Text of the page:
July 23, 1969
IN THE MATTER OF THE ESTATE OF JOAN L. POPPE, DECEASED
Lyman H. Smith, S.
Joan L. Poppe died a resident of Yates County, State of New York, February 5, 1969.
A paper writing, dated August 20, 1966, has been offered for probate. This purported will bears the signature of one Mary C. Beers with whom the deceased resided for many years. There is no attestation clause. This court is satisfied, after a plenary hearing, that Mary C. Beers signed the instrument as a witness. However, the guardian ad litem of decedent's granddaughter (daughter of a deceased son) objects to the probate of this instrument.
The document reads as follows: "To whom it may concern; Anything remaining after I have left this world is to be equally divided among my three grandchildren.
"The exception is the furniture which I have given to Eastman and Mary Beers in their home which bears my name for a consideration; to be used by me as long as I live. The fact that they have given me such a happy home is part of the remuneration I have received.
"I should like Eastman Beers to see that this is carried out to the best of his ability. "Joan Louise Poppe, "August 20, 1966, Mary C. Beers".
The objection of the guardian ad litem is well taken. As a matter of law, this is not a holographic will (EPTL 3-2.2). While this latter provision of the new EPTL has broadened to some extent the acceptance of holographic wills, the section nevertheless retains the pre-emptive policies embodied in old section 16 of the Decedent Estate Law. It grants the privilege of informal testation to military personnel only. There is no claim and no proof here that the decedent was in the military service at the time the proffered instrument was executed. Further, the document, although signed by the decedent, was witnessed by only one person and, therefore, was not executed with the formality required by EPTL 3-2.1. A will must be witnessed by two persons. (See Matter of Voice, 38 Misc. 2d 779,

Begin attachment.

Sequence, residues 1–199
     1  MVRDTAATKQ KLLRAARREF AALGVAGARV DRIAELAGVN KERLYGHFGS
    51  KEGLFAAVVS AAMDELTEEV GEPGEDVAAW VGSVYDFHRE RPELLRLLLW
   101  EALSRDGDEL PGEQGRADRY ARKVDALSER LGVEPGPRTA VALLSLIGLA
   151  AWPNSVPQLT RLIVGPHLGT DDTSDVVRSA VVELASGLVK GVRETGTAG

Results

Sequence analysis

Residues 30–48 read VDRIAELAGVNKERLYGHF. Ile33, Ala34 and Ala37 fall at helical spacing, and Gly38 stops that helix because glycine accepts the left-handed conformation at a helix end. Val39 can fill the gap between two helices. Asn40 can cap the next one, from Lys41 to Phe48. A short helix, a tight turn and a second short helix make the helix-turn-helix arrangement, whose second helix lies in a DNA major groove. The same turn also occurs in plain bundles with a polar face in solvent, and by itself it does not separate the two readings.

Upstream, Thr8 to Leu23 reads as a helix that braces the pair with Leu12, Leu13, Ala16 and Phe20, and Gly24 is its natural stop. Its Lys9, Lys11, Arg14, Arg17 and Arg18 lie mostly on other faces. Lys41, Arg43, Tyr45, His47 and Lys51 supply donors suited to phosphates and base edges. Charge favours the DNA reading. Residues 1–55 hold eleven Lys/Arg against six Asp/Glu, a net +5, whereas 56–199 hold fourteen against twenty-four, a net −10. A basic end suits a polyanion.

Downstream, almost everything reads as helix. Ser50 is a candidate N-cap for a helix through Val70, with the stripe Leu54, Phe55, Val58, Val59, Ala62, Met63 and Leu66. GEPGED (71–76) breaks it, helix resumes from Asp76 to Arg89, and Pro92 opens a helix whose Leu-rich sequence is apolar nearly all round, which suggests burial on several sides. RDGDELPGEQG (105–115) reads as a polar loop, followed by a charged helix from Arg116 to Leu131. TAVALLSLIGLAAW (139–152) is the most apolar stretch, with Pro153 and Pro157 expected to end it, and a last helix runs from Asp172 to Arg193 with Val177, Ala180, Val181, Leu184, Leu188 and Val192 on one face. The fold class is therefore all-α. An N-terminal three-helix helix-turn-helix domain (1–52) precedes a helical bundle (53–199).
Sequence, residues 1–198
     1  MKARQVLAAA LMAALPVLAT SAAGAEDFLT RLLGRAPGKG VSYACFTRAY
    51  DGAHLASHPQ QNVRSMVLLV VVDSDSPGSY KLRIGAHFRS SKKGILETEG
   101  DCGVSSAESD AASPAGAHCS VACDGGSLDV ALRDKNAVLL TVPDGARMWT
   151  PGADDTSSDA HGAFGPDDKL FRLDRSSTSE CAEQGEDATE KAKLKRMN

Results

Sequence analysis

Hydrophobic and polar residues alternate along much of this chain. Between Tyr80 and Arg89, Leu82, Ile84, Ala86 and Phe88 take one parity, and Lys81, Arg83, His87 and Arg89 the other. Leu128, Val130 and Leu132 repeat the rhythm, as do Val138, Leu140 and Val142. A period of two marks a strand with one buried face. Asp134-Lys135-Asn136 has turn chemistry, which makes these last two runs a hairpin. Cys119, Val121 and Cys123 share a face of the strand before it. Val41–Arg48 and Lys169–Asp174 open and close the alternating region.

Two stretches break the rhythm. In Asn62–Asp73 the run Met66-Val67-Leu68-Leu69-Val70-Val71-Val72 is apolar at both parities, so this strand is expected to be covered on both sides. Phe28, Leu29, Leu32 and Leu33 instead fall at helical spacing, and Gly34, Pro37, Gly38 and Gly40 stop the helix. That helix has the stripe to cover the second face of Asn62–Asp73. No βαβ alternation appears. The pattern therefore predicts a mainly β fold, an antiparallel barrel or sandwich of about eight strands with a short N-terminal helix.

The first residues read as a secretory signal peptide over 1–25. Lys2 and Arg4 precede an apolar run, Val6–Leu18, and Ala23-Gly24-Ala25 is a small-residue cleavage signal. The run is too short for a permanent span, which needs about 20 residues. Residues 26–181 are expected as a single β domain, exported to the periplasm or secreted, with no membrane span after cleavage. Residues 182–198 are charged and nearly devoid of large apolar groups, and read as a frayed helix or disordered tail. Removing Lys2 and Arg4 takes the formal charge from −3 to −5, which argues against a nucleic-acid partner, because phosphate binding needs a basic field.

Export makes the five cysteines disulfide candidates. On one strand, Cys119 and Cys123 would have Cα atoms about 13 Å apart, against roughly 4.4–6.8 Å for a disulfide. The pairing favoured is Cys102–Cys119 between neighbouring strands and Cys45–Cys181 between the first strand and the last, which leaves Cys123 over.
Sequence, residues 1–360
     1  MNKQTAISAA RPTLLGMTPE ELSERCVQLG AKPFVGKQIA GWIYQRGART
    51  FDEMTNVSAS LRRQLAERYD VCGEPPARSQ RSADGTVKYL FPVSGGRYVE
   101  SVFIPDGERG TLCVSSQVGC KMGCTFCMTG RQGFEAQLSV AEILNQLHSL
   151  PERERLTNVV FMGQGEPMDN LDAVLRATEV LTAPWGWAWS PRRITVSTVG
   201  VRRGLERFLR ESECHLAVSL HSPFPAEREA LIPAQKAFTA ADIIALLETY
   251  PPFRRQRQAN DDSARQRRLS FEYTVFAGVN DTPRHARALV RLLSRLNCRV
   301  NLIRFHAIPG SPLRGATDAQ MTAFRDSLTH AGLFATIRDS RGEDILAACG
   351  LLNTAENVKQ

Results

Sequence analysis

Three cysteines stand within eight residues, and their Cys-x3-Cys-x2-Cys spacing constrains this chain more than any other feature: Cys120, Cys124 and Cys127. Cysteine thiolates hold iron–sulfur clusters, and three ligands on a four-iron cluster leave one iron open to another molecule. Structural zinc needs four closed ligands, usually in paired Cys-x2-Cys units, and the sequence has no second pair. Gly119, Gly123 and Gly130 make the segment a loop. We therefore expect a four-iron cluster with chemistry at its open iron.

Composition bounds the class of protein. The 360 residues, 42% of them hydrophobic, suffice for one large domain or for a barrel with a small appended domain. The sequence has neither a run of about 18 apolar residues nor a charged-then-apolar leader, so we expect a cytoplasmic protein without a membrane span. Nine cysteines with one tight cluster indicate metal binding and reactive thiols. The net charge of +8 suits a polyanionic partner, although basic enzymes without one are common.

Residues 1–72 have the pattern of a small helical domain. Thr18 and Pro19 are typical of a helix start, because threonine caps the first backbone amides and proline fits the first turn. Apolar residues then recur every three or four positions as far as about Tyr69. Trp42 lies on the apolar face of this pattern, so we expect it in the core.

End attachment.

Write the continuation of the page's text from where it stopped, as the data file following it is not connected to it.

[60 Misc. 2d 418 Page 419]
--> affd. 19 A.D.2d 945; also, see Matter of Semler, 176 Misc. 687.) At best, the instrument is a confirmation of a gift of furniture already made. The document may not be admitted to probate.
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